Governing takes level headed people and so it does concern me when a bomb-thrower is allowed such access to a president.  The racist, fascist extreme right has an office in the White House!

Is it any wonder why I have such a low regard for the Trump voters in this nation who allowed this to happen?

6 Comments leave one →
  1. November 15, 2016 8:35 AM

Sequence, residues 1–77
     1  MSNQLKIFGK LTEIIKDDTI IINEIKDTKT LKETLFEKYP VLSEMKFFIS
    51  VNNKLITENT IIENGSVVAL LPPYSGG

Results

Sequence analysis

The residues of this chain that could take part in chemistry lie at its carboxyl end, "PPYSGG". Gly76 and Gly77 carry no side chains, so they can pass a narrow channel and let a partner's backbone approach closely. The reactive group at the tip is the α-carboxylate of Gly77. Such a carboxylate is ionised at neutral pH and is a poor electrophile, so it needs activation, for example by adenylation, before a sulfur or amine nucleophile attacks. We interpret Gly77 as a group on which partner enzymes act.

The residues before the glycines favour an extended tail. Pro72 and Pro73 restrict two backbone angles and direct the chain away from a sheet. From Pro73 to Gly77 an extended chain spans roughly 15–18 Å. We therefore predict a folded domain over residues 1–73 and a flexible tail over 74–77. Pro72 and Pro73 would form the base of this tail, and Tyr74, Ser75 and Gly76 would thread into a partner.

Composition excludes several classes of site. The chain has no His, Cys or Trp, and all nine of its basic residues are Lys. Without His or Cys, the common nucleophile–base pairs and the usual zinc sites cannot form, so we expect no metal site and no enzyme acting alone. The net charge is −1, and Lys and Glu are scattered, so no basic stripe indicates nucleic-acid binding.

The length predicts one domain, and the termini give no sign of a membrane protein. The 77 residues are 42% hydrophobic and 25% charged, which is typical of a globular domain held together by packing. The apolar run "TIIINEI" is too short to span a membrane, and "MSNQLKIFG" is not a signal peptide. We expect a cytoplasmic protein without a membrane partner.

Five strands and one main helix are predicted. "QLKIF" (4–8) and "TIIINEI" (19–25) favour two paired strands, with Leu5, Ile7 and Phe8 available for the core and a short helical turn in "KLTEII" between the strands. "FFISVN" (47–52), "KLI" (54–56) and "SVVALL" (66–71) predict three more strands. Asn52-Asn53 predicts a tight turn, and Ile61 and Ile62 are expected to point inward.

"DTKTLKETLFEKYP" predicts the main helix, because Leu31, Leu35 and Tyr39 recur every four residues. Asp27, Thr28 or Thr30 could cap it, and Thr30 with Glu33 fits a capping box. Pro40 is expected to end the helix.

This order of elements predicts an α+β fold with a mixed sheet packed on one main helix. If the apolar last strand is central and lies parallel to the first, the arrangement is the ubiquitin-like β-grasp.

I understand the point you are making. The reason I used the red meat phrase is that over and over Trump used that tactic. In his announcement for president he was using Hispanics in disparaging ways, and the birther movement that he worked at for years was red meat. His whole nationalistic approach was aimed for that angry white male who somehow feels that someone took their jobs, that social niceties are no more than political correctness, that we ‘need to take our country back’. All that is, to me as I watch politics play out–red meat being tossed out for those most wanting to hear it and then act on it. For over a year I have read or watched/listened to the Trump supporters and (we will probably disagree on this) but I think a common thread connected them. Obviously I am talking in the majority sense and not every single individual. I do think there were many white men, as an example, that could not get over that a black man was running the nation for 8 years and sure in hell was not about to let a woman govern. The use of such terms as weak Hillary or stating she did not look presidential all were bits of red meat. Again I get the larger point you are making, but the point I am making is also reality. It happened. And now we are at a point that President Obama had to stand and tell the world that this nation will still honor and support NATO. That is all we need to know about how far we have fallen. (BTW–I love to have your comments on my blog.)